When I first went gluten free a little over a year and a half ago, it was just an experiment brought on by interactions with readers and some reading I’d been doing. I never imagined it would become a long term part of my life.
It was hard from the start, but like most things, over time it got easier.
Then Skye came along and in the first months of her life we accidentally learned that at a very minimum she is extremely gluten sensitive. (It will be a while before we put her through the test for celiac.)
Initially, this wasn’t such a big deal. But now that she’s eight months old and eating real food, we are having to rethink things at our house.
Is it possible to safely have children in your house who eat gluten and those who don’t?
My oldest son has a peanut allergy and the simple solution is no peanuts in the house.
But gluten…it’s everywhere!
The boys favorite pancake recipe, cinnamon bread, pizza dough….all contain gluten.
What’s a momma to do?
I’ve done a lot of reading lately and now I have serious concerns about the safety of modern wheat in general. Because of this and because we need to prepare for the possibility that Skye is celiac, we have made the decision that we will become a gluten free household.
We have some time until Skye is running around picking up food of the boys plates, and because I value my sanity, we are making this a gradual transition.
Right now, I am making all of her food and the only thing processed that she is eating is bread, which I toast and use in the place of teething biscuits. Because of this, we got a new toaster and now the only bread consumed in our house is gluten free. When I don’t have time to make it I buy Udi’s, which I get in the freezer section.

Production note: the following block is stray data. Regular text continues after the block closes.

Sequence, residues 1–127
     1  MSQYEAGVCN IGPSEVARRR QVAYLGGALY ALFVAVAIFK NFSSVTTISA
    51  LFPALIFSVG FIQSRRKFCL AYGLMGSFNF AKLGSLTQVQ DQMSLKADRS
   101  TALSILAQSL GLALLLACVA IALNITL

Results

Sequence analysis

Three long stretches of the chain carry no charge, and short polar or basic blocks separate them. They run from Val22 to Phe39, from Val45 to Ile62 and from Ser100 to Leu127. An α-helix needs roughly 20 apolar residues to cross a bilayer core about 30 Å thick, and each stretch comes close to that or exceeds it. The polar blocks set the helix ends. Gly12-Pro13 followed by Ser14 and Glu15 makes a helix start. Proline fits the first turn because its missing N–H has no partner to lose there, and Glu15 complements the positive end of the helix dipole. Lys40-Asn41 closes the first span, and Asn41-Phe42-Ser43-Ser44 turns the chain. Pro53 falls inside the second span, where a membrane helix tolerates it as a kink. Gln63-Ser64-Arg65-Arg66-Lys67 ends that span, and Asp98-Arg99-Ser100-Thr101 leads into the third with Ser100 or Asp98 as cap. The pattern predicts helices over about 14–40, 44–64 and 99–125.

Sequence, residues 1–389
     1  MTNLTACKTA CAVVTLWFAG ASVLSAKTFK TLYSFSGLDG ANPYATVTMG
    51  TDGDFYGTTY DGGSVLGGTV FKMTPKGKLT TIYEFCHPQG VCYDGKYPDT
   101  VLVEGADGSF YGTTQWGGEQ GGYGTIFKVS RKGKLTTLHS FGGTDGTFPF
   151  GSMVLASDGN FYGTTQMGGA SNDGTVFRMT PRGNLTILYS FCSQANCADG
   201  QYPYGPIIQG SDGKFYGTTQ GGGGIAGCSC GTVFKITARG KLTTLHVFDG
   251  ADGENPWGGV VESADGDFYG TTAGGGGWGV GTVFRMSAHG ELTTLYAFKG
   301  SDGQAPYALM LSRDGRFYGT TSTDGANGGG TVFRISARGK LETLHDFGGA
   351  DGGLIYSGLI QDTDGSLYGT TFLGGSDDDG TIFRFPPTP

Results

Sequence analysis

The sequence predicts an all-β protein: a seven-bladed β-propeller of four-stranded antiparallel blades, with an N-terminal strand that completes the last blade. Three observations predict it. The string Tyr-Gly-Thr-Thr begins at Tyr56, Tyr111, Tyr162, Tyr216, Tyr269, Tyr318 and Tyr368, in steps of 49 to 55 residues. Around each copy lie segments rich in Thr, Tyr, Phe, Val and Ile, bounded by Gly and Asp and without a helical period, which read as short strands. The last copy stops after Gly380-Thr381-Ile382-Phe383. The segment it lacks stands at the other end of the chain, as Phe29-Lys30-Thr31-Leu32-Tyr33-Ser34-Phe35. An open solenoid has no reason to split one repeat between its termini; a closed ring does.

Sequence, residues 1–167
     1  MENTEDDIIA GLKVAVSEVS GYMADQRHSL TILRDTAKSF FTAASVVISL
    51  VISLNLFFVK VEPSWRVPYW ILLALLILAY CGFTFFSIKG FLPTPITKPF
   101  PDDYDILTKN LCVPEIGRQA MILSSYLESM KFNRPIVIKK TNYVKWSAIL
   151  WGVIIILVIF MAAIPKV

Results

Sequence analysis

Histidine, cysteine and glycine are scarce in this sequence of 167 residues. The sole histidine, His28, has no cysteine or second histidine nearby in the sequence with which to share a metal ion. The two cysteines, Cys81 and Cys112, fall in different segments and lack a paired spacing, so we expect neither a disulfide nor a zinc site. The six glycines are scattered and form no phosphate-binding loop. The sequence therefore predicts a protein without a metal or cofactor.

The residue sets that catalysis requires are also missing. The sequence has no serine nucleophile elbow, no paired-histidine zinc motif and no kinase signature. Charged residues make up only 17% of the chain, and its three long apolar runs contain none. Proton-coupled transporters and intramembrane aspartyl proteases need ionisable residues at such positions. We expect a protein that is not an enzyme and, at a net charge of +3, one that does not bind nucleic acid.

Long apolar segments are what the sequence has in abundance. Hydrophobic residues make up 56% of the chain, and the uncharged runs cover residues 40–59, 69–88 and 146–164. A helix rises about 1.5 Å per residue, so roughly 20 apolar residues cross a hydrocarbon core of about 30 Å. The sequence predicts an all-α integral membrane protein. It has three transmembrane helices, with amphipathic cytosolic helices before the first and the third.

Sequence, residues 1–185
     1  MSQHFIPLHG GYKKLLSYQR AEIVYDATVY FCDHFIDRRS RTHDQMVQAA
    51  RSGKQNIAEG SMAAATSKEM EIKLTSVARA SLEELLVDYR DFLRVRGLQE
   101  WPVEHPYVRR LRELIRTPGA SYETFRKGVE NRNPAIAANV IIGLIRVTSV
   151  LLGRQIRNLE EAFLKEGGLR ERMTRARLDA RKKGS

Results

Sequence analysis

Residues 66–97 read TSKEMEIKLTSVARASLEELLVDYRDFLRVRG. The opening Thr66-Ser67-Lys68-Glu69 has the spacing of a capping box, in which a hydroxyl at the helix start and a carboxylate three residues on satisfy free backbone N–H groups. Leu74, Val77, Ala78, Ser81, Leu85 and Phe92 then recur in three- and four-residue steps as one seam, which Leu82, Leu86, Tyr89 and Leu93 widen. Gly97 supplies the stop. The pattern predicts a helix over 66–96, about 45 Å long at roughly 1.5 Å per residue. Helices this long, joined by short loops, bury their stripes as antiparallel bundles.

We’ve started getting the boys used to gluten free cookies, muffins and pasta. I’m not going to say I’ve been met with enthusiasm at every turn, but it has actually been much easier than I would expect.
Tips for the “Blended Family” and For Making the Transition to a Gluten Free Family:
- If you suspect that a member of the family has celiac, it is important to take precautions. Buy a new toaster and clean the kitchen completely, as the slightest crumb can cause a reaction.
- Make sure that if you are cooking both gluten and gluten free items that there is no cross contamination. For us right now this means that if we are all having pizzas, mine gets cooked first and then theirs. Obviously the stone has to be washed completely before it is used for Skye and I again.
- Get the whole family on board as to why this is important. For us, the boys would do anything to make sure Skye is healthy and safe. Not to mention, they remember the screaming that ensued after she was exposed to wheat and have no desire to repeat that experience.
- Sometimes you have to indulge kids a little more than normal to get them to see that it isn’t all that bad. We’ve been testing out lots of new recipes, many of them sweets. They also have found that they love Udi’s Gluten Free Snickerdoodle’s and Brownies and now ask for those to take to the beach with us.
- Don’t be afraid to ask for help. My husband understands that there is a LOT more work involved in feeding the entire family gluten free, especially since the boys are such picky eaters to begin with. He jumps in and helps make the boys favorite gluten free chicken and takes charge on taco night. It gives a tired Mommy a break.
Do you have any tips for taking children gluten free??
Learn more about living gluten free! Visit http://udisglutenfree.com/community
This is a sponsored conversation written by me on behalf of Udi’s Gluten Free. The opinions and text are all mine.